Retaining walls are a fact of life for many landscapes, even those with only a slight slope. The majority of walls however, are constructed as a flat surface, stones bound together with mortar which don't serve any benefit to wildlife. Stone walls however, can be quite beneficial for wildlife if designed and constructed correctly. Even if a retaining wall isn't needed, rock shelters could be constructed in a similar manner. A rock wall, with crevices between the rocks add additional places for plants to grow and places for a variety of wildlife to take refuge in from the weather, predators,...
Via Animal Architecture blog, the result of the Beyond the Hive Competition (that was featured here last month) was announced this week and the winner was the Beevarian Antsel and Gretel Chalet. There are images of all of the constructed designs along with images of the structures with their designers at the British Land website. Here are images of the designs and the final constructed projects via the British Land website. Further Reading:: Beyond the Hive Competition:: British Land Beyond the Hive Competition:: The Metropolitan Field Guide Animal Architecture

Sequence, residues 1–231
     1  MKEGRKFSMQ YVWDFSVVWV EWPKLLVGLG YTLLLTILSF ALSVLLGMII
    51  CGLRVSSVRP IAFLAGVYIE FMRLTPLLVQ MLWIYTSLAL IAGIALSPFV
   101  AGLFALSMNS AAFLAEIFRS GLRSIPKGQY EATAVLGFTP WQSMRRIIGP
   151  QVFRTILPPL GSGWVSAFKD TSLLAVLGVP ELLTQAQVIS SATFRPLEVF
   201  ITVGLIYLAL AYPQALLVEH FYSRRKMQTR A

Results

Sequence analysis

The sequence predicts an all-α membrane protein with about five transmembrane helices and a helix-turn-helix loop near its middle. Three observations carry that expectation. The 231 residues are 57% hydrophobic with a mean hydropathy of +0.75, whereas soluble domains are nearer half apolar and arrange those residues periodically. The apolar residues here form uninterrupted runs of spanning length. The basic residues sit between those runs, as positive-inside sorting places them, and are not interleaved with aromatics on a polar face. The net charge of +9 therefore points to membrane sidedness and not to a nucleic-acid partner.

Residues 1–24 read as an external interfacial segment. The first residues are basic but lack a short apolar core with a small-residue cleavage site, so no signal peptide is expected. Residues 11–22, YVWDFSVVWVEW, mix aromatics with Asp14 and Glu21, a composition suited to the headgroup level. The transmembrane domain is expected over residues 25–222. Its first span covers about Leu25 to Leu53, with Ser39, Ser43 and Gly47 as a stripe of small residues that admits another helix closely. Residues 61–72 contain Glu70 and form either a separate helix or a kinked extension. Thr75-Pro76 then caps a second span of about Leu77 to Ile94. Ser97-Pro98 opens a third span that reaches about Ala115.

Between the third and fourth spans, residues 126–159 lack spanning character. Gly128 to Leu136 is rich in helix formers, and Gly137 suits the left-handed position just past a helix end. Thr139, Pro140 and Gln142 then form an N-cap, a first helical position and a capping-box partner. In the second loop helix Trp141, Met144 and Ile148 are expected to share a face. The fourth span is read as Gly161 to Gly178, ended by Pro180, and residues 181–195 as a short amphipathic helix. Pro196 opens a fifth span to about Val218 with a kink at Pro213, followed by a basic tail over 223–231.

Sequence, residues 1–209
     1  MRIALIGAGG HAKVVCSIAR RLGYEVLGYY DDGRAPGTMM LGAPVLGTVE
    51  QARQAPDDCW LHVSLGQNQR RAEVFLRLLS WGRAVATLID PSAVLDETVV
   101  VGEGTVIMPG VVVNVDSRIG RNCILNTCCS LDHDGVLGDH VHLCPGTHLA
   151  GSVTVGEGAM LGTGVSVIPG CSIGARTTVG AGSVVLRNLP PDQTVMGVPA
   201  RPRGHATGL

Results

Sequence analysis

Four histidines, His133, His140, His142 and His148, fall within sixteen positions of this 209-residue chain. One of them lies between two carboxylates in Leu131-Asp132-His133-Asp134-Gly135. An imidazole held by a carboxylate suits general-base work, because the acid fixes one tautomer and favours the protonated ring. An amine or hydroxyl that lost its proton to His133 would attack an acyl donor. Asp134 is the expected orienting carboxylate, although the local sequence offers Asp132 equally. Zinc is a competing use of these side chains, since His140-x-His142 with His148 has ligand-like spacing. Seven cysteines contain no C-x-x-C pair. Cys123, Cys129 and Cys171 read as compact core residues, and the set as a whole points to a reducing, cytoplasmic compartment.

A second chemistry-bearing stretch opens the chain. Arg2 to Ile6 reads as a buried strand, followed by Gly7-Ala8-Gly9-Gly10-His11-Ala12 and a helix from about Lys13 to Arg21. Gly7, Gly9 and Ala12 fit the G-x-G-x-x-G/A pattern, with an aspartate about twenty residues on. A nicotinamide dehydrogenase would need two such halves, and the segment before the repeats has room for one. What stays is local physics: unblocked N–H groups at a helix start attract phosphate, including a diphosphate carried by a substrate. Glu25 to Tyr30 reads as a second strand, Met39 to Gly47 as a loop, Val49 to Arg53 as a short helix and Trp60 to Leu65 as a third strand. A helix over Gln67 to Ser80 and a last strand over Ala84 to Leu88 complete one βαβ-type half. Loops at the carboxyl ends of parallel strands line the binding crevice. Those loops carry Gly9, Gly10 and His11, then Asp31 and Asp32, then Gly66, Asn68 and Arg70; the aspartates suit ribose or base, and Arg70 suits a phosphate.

In a continuation of the insect theme from the post about the Beyond the Hive Competition, here are some more examples of interesting designs, from simple to extravagant. Insects are getting the luxury treatment in a number of garden and structure designs recently. Many of these structures are made with reclaimed materials such as egg cartons, broken stones, tiles and concrete, gathered twigs, hay and dead wood, and old plant containers. The creativity of the variety of projects is great to see. Do a Google image search for 'insect hotel' to see the variety of...